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Yang W.,China Pharmaceutical University | Xiao Q.,China Pharmaceutical University | Wang D.,China Pharmaceutical University | Yao C.,Nanjing Frontier Biotechnologies Co. | Yang J.,China Pharmaceutical University
Xenobiotica | Year: 2016

1. A clinical study to assess the interactions between albuvirtide (320 mg) and lopinavir/ritonavir (400/100 mg) was conducted in 10 HIV-1-infected subjects. Because albuvirtide requires a long period to achieve steady state, and extended monotherapy may lead to early resistance, it is unethical to take albuvirtide alone to achieve steady state. Therefore, a population pharmacokinetic model was developed to predict steady-state concentration-time curve of solely administered albuvirtide. 2. When albuvirtide and lopinavir/ritonavir were co-administered, the plasma concentration of albuvirtide when the infusion ended (Cend) increased by about 34%, but the geometric mean ratios and 90% confidence intervals (90% CIs) of AUC(0– t ) [1.09 (0.96–1.24)] and Ctrough [1.00 (0.83–1.20)] were within the range of 0.8–1.25. For lopinavir, the ratios (90% CIs) of AUC(0– t ), Cmax and Ctrough were 0.63 (0.49–0.82), 0.67 (0.53–0.86) and 0.65 (0.46–0.91); for ritonavir, those ratios (90% CIs) were 0.62 (0.42–0.91), 0.61 (0.38–0.99) and 0.72 (0.40–1.26), respectively. 3. Co-administration of albuvirtide with lopinavir/ritonavir has little effect on albuvirtide exposure, but it decreases the plasma exposures of lopinavir/ritonavir. However, the drug–drug interactions may not reduce the effectiveness of this co-therapy, the trough concentration of lopinavir may be sufficient and this combination could achieve similar clinical efficacy with marketed drugs. So, a phase 3 clinical trial without dose adjustment is underway to validate their effectiveness and safety. © 2016 Informa UK Limited, trading as Taylor & Francis Group.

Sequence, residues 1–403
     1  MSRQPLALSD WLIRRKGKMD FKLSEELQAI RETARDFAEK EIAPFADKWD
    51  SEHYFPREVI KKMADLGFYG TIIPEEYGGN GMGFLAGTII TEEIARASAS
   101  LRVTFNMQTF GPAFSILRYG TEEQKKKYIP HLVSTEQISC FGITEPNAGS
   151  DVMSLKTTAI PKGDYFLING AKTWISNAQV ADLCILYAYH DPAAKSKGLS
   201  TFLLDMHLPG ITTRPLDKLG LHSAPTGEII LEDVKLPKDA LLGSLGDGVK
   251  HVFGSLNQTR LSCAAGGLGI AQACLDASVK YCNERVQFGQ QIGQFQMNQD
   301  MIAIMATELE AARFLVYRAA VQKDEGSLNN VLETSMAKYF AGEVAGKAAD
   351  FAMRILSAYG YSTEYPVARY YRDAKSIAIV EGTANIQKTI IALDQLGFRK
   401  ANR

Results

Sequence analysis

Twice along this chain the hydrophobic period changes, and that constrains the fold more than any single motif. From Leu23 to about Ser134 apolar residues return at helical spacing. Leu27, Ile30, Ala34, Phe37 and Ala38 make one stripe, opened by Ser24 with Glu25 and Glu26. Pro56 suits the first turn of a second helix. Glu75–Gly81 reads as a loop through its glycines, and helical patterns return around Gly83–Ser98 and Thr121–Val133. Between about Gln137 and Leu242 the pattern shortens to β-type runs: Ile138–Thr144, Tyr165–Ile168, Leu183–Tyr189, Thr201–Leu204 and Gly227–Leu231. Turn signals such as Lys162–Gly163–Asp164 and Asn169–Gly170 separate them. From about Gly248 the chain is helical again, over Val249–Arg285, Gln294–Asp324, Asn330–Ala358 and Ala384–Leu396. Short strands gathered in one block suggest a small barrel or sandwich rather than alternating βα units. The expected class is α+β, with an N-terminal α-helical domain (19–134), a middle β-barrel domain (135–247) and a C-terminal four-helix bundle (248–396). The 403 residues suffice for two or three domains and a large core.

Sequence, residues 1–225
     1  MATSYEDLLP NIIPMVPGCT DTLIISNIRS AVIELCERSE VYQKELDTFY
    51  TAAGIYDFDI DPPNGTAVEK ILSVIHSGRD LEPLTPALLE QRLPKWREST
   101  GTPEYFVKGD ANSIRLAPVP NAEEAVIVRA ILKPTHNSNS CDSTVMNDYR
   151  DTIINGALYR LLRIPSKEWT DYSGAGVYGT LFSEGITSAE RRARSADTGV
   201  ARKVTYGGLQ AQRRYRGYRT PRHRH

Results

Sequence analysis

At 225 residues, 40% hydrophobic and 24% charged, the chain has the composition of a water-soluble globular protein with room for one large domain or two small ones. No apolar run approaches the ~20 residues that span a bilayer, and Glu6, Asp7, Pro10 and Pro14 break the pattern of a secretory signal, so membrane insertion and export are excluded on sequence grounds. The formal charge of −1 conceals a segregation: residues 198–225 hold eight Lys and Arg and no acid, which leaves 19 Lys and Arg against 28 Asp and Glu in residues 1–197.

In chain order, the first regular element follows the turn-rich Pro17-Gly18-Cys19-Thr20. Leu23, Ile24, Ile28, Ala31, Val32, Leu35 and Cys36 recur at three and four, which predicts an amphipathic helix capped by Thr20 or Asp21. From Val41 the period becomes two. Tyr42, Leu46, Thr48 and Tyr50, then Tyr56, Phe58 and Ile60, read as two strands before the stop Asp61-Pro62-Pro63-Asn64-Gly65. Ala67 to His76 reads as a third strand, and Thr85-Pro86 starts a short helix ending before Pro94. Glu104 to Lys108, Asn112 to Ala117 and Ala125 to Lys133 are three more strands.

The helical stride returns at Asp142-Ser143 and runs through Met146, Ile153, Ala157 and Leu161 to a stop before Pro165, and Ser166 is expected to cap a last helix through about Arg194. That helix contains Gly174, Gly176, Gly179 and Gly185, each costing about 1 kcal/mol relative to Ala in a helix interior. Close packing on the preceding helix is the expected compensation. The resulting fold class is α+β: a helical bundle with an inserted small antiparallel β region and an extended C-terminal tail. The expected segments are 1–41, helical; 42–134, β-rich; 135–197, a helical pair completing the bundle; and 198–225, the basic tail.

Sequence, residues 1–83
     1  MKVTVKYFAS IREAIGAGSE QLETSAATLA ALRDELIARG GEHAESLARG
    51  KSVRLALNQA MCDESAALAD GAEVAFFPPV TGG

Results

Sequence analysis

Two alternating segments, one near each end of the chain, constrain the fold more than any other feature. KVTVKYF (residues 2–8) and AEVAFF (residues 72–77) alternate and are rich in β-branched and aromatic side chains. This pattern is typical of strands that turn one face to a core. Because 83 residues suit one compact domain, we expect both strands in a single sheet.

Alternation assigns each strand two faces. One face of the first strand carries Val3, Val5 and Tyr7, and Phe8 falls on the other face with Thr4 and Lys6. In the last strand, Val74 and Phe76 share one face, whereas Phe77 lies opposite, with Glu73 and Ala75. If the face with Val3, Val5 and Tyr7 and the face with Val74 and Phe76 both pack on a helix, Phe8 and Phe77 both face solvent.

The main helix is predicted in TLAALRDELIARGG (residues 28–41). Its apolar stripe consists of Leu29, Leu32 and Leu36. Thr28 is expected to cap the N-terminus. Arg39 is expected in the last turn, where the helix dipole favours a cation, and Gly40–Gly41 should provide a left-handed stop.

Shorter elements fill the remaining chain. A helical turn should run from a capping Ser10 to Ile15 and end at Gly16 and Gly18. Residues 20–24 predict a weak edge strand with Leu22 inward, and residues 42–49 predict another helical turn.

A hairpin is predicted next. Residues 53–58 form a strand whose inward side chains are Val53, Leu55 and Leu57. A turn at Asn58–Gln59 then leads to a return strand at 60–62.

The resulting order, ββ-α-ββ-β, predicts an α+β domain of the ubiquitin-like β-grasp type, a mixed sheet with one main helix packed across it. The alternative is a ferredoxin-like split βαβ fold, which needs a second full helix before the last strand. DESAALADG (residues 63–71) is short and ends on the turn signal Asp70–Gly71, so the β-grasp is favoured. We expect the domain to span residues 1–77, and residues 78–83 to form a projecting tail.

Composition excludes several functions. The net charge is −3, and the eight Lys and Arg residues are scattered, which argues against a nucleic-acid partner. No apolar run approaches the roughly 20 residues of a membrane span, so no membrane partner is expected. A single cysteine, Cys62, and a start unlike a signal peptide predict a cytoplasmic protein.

Zhang H.,Capital Medical University | Jin R.,Capital Medical University | Yao C.,Nanjing Frontier Biotechnologies Co. | Zhang T.,Capital Medical University | And 8 more authors.
AIDS Research and Therapy | Year: 2016

Background: Long acting antiretroviral drugs represent a promising approach for chronic treatment of HIV infection. Here, we study the efficacy and safety of albuvirtide (ABT), an HIV-1 fusion inhibitor with a half life of 11-12days in human. Methods: ABT was evaluated in a 7-week, open-label and randomized trial, combining with LPV/r. Twenty HIV-1-infected adults were assigned to two dose groups, receiving ABT (160 or 320mg) given weekly and LPV/r given twice daily. Results: At week 7, the decline of HIV-1 RNA from baseline was 1.9 (1.3-2.3) log10 and 2.2 (1.6-2.7) log10 copies/ml, and suppression of HIV-1 RNA to below 50 copies/ml was achieved in 11.1% (1/9) and 55.6% (5/9) patients, for the 160 and 320mg dose group respectively. Conclusion: A clear dose-efficacy correlation of ABT was demonstrated. ABT combining with LPV/r is a promising two-drug regimen to be tested in larger patient population. © 2016 Zhang et al.

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